Improving your perspective in photography

As a photographer for over 30 years, I've noticed when people show me their photos, one of the mistakes amateur photographers make far too often is to shoot people or portrait images taken with a wide angle lens.
Today with the abundance of zoom lenses it is easier to zoom to wide rather than backing up with the camera. But the consequences of zooming wide on a people picture is distortion. The head becomes big out of proportion with the rest of the body. Or, if an arm or some part of the body is closer to the camera than the main part of the body, that arm or part of the body looks huge and out of proportion with the rest of the body. The answer to not letting that happen is to shoot with a more normal focal length lens. In other words, don't zoom to fill the frame, just back up a little and leave the lens set for the normal or telephoto part of your zoom.
You also gain by shooting on the more telephoto setting on your lens as you will include far less background in your photos. And, if you are doing a portrait why would you want to include all the background that is visible. Make the subject (portrait) the center of interest, not the room or location you are shooting in the subject with a person standing in the middle of the location.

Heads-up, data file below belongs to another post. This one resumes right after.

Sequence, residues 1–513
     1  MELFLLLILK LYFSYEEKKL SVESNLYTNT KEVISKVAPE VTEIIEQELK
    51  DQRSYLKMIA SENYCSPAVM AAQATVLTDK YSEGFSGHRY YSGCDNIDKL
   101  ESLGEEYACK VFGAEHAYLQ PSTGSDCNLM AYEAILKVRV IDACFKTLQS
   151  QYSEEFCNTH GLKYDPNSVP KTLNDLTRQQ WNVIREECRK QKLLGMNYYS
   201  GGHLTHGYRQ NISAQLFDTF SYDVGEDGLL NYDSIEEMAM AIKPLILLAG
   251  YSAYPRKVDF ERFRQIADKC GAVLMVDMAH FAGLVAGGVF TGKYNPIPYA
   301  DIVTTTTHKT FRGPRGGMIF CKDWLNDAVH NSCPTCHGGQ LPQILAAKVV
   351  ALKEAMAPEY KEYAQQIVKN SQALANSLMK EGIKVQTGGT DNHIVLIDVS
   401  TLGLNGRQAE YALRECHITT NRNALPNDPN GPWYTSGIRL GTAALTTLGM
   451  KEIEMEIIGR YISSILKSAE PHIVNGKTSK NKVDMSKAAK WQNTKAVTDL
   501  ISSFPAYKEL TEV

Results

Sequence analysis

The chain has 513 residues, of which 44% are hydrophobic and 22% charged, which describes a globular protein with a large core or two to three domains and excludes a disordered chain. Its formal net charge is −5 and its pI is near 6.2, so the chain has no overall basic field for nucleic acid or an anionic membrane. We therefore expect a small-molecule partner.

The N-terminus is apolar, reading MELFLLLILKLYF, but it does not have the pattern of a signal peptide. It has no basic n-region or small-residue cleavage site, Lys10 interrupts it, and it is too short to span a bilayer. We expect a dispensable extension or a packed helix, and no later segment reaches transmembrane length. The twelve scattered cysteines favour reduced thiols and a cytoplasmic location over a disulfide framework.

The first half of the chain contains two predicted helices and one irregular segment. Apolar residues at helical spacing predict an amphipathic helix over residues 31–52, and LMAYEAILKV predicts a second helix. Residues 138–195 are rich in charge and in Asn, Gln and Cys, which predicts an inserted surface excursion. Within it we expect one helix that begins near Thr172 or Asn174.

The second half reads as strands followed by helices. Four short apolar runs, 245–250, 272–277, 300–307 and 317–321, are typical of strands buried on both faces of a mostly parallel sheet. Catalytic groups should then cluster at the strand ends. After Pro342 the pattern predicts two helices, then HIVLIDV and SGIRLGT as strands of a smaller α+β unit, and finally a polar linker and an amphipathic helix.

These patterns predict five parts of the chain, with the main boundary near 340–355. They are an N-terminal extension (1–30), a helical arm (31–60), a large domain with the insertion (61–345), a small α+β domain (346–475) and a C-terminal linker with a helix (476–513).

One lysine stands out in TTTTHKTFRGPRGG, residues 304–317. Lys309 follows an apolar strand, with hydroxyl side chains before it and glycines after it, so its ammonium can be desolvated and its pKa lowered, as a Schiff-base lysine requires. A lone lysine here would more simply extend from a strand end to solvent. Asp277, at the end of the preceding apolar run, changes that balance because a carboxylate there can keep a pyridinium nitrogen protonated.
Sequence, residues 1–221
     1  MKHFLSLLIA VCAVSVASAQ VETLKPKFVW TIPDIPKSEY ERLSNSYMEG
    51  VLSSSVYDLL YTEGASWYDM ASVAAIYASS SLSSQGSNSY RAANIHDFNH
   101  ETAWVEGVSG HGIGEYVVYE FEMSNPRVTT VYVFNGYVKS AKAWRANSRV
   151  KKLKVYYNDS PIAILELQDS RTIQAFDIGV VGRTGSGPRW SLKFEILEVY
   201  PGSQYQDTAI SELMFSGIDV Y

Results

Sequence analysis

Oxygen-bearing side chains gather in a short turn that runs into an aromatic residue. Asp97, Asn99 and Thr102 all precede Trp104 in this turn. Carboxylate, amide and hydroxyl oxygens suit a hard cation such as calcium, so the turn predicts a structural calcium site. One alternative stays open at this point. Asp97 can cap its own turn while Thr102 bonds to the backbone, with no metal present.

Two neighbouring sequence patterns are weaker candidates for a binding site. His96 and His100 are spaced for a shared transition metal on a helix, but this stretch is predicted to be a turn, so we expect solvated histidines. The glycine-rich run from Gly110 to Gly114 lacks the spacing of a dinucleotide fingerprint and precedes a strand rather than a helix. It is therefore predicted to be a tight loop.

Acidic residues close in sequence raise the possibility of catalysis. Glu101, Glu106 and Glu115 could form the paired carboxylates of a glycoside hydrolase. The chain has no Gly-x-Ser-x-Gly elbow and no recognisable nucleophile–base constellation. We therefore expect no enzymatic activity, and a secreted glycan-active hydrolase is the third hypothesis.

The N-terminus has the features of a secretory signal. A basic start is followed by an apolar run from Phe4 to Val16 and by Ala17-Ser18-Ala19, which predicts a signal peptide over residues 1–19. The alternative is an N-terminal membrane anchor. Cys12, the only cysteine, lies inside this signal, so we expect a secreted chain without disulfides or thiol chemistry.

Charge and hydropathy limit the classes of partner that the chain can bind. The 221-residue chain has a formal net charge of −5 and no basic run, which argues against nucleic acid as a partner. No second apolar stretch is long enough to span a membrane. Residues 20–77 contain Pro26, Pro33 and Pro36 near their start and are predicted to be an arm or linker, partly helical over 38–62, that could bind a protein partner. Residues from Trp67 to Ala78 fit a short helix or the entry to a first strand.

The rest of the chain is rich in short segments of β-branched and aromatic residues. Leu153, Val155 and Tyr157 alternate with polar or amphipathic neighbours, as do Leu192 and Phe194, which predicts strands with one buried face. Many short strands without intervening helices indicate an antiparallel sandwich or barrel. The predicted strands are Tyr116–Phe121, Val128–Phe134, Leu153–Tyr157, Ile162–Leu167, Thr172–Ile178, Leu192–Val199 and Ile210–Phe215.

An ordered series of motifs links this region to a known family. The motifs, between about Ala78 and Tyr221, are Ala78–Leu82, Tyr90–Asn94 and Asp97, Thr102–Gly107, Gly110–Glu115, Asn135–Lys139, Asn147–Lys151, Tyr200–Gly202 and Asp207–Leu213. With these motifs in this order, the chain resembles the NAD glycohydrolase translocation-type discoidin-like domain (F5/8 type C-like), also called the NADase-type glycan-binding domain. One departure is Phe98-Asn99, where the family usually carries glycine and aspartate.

When you pick up a fashion magazine ie. Glamour, Vogue, Cosmopolitan, W, notice the perspective of the pictures, the photographer when shooting a full length shot to show the outfit the model is wearing, bends down to shoot at waist or knee level. The photo makes the model look better and no distortion. Want to see bad photos pick up a People or Us magazine. When those photographers shoot the stars on the red carpet or almost anywhere they are shooting wide angle and are far too tall or high for a full length shot. But, that is the way they do it.  Next time you are in the check out lane of your grocery store or in the drugstore, compare the images in a fashion magazine compared to the People or Us magazine.
You will begin to understand perspective and distortion.
It is the little things and the attention to detail that make a photographer a great photographer and not just a snapshot shooter.
My opinion,
Art Ketchum
Note: The camera position is lower than the waist of the model.